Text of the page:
Staten Island can lay claim to having been the home of some of this country’s most famous citizens. Barrymore, Vanderbilt, Thoreau, Goodyear, and Aguilera are just a few of the Staten Island families whose members have gone on to achieve greatness. In addition to playing host to the renowned, Staten Island has also been the home of more infamous and notorious residents. Here are three residents whose histories fall on the darker side of Staten Island’s past.

1. Aaron Burr

aaron-burr-staten-island-port-richmondAaron Burr | via Wikipedia

Aaron Burr was a United States Senator from New York, the State’s third Attorney General, and the third Vice President of the United States. However, he is most well known for fatally shooting former Secretary of the Treasury Alexander Hamilton in a duel. He was never convicted for the murder (though dueling was illegal in both New York City and New Jersey), but his political career ended with Hamilton’s life. Three years after the infamous duel, Burr’s dicey attempts to claim land along the U.S. border with Spain led to charges of treason; charges that were eventually dropped. After a stint in Europe, Burr lived out the end of his life in a boardinghouse in Port Richmond. That boardinghouse became the St. James Hotel where, according to contemporary records, above the mantel “hangs a profile steel engraving of Burr,… to which, until recently, there was attached the inscription: ‘Aaron Burr died in this room Sept. 14, 1836.'”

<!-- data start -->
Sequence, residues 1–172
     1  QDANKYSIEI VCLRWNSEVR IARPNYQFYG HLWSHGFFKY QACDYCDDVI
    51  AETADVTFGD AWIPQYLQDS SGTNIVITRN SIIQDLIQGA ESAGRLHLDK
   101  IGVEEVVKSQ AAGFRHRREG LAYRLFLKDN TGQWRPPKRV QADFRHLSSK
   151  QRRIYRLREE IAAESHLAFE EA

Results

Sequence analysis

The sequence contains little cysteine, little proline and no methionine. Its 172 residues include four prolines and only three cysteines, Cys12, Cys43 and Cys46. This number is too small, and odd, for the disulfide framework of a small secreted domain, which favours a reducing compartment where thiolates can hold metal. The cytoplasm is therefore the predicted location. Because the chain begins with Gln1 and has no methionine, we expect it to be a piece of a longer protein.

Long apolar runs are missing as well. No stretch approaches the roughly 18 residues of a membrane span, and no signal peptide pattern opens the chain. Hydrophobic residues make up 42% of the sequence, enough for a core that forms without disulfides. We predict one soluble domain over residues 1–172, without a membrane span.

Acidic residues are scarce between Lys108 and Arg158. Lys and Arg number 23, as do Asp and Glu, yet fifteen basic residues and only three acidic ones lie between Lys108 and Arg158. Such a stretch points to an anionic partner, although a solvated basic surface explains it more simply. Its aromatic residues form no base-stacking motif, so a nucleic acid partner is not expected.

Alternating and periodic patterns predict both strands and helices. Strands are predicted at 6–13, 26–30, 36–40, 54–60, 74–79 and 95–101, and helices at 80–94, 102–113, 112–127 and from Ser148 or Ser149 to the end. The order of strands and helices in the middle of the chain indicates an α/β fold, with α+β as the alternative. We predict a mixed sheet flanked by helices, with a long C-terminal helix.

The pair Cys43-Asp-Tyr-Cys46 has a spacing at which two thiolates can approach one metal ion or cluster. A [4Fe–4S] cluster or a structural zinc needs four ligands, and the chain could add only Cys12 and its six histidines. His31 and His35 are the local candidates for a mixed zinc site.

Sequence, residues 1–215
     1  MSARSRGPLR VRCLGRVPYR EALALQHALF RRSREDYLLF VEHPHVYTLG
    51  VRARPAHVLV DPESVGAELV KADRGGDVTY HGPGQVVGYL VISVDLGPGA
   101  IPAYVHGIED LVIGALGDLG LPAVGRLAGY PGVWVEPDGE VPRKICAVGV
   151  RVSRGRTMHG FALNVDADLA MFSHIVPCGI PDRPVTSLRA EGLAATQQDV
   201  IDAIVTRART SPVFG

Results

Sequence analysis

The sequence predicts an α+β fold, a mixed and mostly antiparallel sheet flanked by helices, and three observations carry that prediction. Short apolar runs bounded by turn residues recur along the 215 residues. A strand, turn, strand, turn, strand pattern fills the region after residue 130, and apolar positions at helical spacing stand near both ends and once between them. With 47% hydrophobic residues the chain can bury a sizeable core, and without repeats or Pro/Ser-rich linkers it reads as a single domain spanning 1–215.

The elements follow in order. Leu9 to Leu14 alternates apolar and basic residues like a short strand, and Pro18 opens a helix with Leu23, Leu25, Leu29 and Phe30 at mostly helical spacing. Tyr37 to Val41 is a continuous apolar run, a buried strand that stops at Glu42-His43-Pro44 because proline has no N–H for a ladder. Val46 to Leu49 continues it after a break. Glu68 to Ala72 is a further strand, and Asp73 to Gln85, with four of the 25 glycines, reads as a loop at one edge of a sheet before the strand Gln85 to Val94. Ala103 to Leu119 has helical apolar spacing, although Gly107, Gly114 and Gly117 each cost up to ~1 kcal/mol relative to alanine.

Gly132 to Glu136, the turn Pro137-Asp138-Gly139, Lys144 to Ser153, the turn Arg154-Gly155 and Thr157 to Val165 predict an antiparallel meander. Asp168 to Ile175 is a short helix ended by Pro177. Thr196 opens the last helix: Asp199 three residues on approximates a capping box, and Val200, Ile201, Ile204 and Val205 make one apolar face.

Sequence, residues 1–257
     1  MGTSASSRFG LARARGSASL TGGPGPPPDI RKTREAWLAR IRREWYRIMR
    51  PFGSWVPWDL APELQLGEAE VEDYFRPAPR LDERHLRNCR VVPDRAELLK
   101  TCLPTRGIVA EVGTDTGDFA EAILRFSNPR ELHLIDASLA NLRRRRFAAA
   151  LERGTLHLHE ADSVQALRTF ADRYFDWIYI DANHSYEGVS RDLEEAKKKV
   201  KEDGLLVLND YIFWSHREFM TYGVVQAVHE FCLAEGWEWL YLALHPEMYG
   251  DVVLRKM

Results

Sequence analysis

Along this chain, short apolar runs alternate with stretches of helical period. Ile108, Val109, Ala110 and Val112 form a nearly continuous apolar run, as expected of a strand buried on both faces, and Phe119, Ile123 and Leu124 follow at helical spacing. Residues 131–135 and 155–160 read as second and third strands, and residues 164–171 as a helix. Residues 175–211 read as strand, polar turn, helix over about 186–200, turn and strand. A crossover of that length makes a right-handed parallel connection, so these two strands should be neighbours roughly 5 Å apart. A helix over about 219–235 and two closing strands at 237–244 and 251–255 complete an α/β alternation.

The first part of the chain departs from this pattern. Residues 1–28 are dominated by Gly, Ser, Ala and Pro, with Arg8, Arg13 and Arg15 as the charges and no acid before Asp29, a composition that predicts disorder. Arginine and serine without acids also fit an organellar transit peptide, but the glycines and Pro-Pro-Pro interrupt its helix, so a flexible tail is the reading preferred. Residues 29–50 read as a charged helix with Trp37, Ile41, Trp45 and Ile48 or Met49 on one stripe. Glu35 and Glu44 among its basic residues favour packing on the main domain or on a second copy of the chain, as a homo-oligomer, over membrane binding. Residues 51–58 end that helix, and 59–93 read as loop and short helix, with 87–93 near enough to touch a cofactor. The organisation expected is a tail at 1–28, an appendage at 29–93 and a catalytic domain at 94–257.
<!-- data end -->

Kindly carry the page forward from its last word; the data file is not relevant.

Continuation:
2. Antonio de Padua María Severino López de Santa Anna y Pérez de Lebrón

Antonio-Lopez-de-Santa-Anna-c1870-Staten-IslandSanta Anna | via Wikipedia

Antonio de Padua María Severino López de Santa Anna y Pérez de Lebrón, or Santa Anna, has a resume and rap sheet as long as his name. He was a general in the Mexican army (after originally fighting against Mexican independence from Spain), President of Mexico eleven times, and the man who led the attack on the Alamo. The General was later exiled from Mexico and found himself on Staten Island where it is alleged that he imported chicle, the base of what would become our modern chewing gum. Like Napoleon before him, he would not let exile defeat him. He recruited supporters to help him reassert power in Mexico but never succeeded. Ultimately, he was smuggled back to Mexico inside a piano crate.

3. Polly Bodine

Polly-Bodine-Staten-IslandPolly Bodine’s Crime | via Boroughs of the Dead

Polly Bodine has alternatively been called both the Witch and the Lizzie Borden of Staten Island. Allegedly – as she was never convicted – Polly murdered her sister-in-law and young niece on Christmas Eve 1843. To destroy all the evidence of her misdeed, Polly allegedly burned down their Staten Island home. Bodine was tried three times for the murders and arson, and she was acquitted all three times. Many of the residents of Staten Island, however, believed she was guilty. The case attracted so much attention that P.T. Barnum created a wax model of Bodine, and author Edgar Allan Poe wrote about her in his Doings of Gotham series. Even with all the attention, hate, and negative publicity drawn at her, Polly went on to live the rest of her life in obscurity on Staten Island.